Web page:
The book’s proceeds will benefit the House of Providence, a non-profit organization that, according to Tyson, is leading the way in how children are cared for in residential foster care. House of Providence is a temporary home for youth who have experienced extensive childhood trauma from being part of the child welfare system. These children have bounced from foster family to foster family due to the trauma they experienced and require mental health support to help them move forward. House of Providence provides a caring environment and trauma therapy to aid in their recovery from loss and abuse, along with other life skills. Their goal is to support the child through their healing process so they can reintegrate with a loving family before they age out of foster care.
“Where Social Work Can Lead You” is Tyson’s third time that she shared her knowledge in the book world. She also wrote “A Grandfamily for Sullivan,” a children’s book for kinship families, and she was a contributing author in Carol Muleta’s “The Parenting Odyssey: Treasures, Trials, and Triumphs of Parenting Through a Pandemic.” Tyson’s chapter was titled “I’m Scared Too: How Our Vulnerability Can Empower Our Children.” Both of these previous books have reached best-seller status on Amazon.
Tyson has been in the mental health field for 11 years and working with children impacted by trauma for nine years. The trauma expert grew up in Casco, Maine and then moved to Washington Township, NJ. She graduated from Shippensburg University in 2001. Since 2015, Tyson has made her home in Media with her husband Andrew and daughter de ella.
Tyson says she was 26 years old and working in corporate America when her mother died suddenly in her sleep one night.
“My mother’s untimely death was a traumatic experience for me, and quickly made me recognize the finitude of our lives,” Tyson shared. “After two years of therapy working through my grief process, I developed an inner drive to turn the trauma I went through into something positive. I decided to become a counselor to help others. When I was 32-years-old I graduated from Eastern University with my Masters in Clinical Counseling.”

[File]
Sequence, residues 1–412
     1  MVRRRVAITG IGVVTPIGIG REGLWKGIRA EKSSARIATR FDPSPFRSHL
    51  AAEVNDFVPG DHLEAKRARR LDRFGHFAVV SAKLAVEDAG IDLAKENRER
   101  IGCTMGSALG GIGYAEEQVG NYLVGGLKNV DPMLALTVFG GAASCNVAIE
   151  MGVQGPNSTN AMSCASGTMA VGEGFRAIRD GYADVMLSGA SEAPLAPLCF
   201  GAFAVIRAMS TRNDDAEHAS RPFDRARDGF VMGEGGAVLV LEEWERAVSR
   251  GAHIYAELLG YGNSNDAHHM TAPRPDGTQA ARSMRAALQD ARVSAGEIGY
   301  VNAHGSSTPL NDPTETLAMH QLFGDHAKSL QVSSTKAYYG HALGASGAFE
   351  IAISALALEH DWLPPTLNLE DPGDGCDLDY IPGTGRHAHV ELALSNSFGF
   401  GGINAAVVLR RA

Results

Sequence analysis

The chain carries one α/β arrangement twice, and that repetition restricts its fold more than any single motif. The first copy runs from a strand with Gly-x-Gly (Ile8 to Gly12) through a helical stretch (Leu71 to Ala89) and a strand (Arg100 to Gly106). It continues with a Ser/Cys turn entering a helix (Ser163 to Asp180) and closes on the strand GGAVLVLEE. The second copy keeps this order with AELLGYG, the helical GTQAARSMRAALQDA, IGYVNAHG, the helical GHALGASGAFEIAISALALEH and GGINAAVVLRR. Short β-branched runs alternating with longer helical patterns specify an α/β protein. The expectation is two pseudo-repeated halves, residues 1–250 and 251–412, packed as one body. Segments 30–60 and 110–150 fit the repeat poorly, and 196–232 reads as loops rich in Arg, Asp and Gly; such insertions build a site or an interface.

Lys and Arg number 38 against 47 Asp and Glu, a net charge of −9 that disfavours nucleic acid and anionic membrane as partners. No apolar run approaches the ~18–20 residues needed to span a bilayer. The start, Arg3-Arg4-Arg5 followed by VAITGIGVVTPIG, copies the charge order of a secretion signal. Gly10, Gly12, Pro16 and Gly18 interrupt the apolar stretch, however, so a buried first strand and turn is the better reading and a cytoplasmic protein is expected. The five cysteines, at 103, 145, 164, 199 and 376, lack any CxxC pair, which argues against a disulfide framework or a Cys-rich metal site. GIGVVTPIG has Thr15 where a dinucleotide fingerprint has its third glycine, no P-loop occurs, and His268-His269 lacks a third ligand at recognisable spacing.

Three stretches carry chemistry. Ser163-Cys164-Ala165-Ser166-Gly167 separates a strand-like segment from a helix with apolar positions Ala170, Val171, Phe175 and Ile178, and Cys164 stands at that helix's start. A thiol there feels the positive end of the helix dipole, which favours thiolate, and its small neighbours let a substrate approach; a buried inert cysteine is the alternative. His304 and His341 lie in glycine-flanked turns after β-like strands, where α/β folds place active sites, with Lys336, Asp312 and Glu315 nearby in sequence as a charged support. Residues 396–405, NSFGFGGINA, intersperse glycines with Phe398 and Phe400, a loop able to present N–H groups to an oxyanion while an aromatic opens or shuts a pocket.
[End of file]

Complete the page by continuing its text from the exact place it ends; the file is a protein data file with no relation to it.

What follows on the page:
Tyson’s career took off and she never looked back. Following graduation, she was hired by Acenda Integrated Health as a family therapist for foster, kinship, and adoptive families. It was in this role that she gained expertise in counseling children with trauma.
“The loss of my mother at such a young age helped me deeply understand grief and loss and how hard it can be to move forward without a mother. That’s why I can relate so easily to children who are separated from their biological parents. I am familiar with this level of pain and because of that I can help other young people who are suffering.”
“When we take our adversity and turn it into something positive there’s a term for this, it’s called Post-Traumatic Growth,” Tyson added. “It doesn’t happen for everyone, but when it does, it’s a beautiful thing. Looking back, I see a purpose for my mother’s death of her, as it brought me to where I am today, and that comforts me.
In 2019, Tyson stepped back from her role as a therapist to stay home with her daughter. It was then that she wrote “A Grandfamily for Sullivan,” based on her work as a family therapist with kinship families. She geared the book toward children being raised by their grandparents or other relative. Grandfamilies now number 2.8 Million in the US